Deadly Even in Death

David Graves, a young wildlife biologist on a hunting lease north of Raymondville, shot and killed a rattlesnake recently, but the rattlesnake struck back nearly killing him.

After shooting the rattler with bird shot and practically blowing off the snakes head, Graves put his boot on the twitching reptile and took out his knife severing the head from the snake's body. "We were going to save the snake and tan the hide, so I went and threw it in the jeep. The head was still in the road, and I was just going to push it off in the brush, and at first I kind of kicked at it a little bit. I don't know what possessed me to do it, but I picked it up. There were only a few inches of skin left attached to the head, and I went and picked it up with my left hand, and it reached around and bit me."

"My first reaction was I just jerked away as fast as I could, and of course a few choice words were said. As soon as it happened, I screamed out, I got bit! I got bit! Get me to the lodge right now. Let's go."

Graves was not waiting for his two companions to take charge. "I actually jumped in the driver's seat of the jeep. I made it probably about a minute or a minute and half up the road before my hands and feet started burning like they had been set in fire. When I felt that, I concentrated on looking forward but my eyes started seeing colors, yellow and orange, and the light got real bright. My head started spinning, like when you are coming off a major hangover."

At this point in his narration I breezily interjected, "Oh, so this was worse than the bite of Jose Cuervo."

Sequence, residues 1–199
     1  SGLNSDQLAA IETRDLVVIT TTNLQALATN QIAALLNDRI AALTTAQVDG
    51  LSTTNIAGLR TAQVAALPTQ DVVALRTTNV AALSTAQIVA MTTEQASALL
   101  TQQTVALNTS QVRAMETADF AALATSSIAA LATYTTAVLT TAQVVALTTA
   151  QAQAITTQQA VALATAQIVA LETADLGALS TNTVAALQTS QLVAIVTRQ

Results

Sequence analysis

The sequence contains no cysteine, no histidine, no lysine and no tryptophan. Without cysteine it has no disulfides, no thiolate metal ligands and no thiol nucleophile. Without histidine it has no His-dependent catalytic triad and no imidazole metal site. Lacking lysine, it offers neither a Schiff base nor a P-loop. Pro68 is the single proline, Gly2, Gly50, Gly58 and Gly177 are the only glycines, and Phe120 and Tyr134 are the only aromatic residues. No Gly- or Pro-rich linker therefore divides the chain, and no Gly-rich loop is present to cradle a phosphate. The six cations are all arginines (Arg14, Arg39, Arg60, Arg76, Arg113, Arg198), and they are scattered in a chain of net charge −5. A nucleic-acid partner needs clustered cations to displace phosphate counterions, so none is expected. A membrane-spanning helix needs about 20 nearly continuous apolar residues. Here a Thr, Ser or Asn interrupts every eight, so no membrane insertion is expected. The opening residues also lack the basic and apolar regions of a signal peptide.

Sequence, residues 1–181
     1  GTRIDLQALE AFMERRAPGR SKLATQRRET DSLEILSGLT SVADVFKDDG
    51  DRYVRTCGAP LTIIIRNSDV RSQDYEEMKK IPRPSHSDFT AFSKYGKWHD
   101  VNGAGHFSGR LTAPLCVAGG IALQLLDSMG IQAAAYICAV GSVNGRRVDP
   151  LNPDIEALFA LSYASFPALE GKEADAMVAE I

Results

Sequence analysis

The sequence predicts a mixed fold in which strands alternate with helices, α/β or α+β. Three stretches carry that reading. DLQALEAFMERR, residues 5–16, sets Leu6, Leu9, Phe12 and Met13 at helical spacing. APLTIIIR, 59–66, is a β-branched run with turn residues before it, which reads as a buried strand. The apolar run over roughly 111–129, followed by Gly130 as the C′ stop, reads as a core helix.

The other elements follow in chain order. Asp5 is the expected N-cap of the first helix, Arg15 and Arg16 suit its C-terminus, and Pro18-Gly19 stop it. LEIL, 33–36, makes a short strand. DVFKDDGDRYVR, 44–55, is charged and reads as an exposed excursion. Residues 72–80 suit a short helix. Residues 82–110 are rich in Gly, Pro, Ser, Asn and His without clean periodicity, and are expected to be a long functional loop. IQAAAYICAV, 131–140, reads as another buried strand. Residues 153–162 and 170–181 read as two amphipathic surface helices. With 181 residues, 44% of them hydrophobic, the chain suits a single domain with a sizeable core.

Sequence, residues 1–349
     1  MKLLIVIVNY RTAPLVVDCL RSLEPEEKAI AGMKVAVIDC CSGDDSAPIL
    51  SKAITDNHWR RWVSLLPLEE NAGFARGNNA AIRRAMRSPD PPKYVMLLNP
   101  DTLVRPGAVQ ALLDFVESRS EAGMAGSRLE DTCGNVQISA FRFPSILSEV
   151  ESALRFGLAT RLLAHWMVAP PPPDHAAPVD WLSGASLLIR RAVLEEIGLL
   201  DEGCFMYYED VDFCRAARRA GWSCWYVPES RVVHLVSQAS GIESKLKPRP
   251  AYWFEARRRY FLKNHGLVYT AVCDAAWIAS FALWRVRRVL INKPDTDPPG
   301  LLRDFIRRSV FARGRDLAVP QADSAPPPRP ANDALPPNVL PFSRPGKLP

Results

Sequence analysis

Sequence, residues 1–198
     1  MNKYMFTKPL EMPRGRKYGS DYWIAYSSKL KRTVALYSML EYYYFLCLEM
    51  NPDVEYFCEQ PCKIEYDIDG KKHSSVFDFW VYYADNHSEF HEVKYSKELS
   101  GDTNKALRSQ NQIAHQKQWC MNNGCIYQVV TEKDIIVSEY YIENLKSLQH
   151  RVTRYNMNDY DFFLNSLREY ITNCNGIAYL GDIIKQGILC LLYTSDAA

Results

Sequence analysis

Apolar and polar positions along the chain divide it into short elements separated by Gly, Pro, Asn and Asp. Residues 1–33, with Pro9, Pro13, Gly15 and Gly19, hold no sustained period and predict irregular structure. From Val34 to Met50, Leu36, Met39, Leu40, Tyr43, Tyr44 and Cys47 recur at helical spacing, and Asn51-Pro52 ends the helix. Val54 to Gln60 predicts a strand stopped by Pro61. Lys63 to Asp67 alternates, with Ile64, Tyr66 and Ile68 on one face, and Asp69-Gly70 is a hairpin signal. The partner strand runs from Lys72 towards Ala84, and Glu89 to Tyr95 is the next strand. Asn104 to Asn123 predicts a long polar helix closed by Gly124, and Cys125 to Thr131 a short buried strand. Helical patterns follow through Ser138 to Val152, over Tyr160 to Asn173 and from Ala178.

Perhaps, not fully appreciating my humor, Graves responded with a concise, "Much worse."

"I got out of the driver's seat and got in the passenger seat. It was only about another three or four minutes to camp, but by the time we got there I was out of it."

It is usually about a 30 minute drive back to Highway 77 from the lodge, but the trip was made in record time. "On the way out I remember throwing up and there was a point in time where they say I stopped breathing."

An ambulance met Graves at the gate on 77 and rushed him to a waiting helicopter in Raymondville. He was whisked away to Valley Baptist Medical Center in Harlingen where he spent the next five days, four of which required intensive care.

"The snake was about a four and a half or five footer, and they told me later at the hospital that I had a moderate to extreme bite. I think they said I had six bags of antivenin." Each bag contains six bags of antivenin so Graves had 36 vials throughout his hospitalization.

Graves is out of the hospital and recovering. "They tell me I should have complete use of my hand. My arm still has bruising on it. My whole arm is sore. My fingers are coming back to normal. My palm is still real swollen. There is still a lot of necrosis on my thumb. There is still a lot of sluffing off and swelling."

"There are several records in the books of people being bitten by decapitated snakes heads, even a death or two in the records," said Doctor Pat Burchfield, Herpetologist and Director of the Gladys Porter Zoo in Brownsville. "It is just a contraction of muscles reacting to being grabbed by the piece of neck that was left. Rattlesnakes are reptiles. They are cold blooded animals, and they have muscle reactions for a period of up to probably a couple of hours."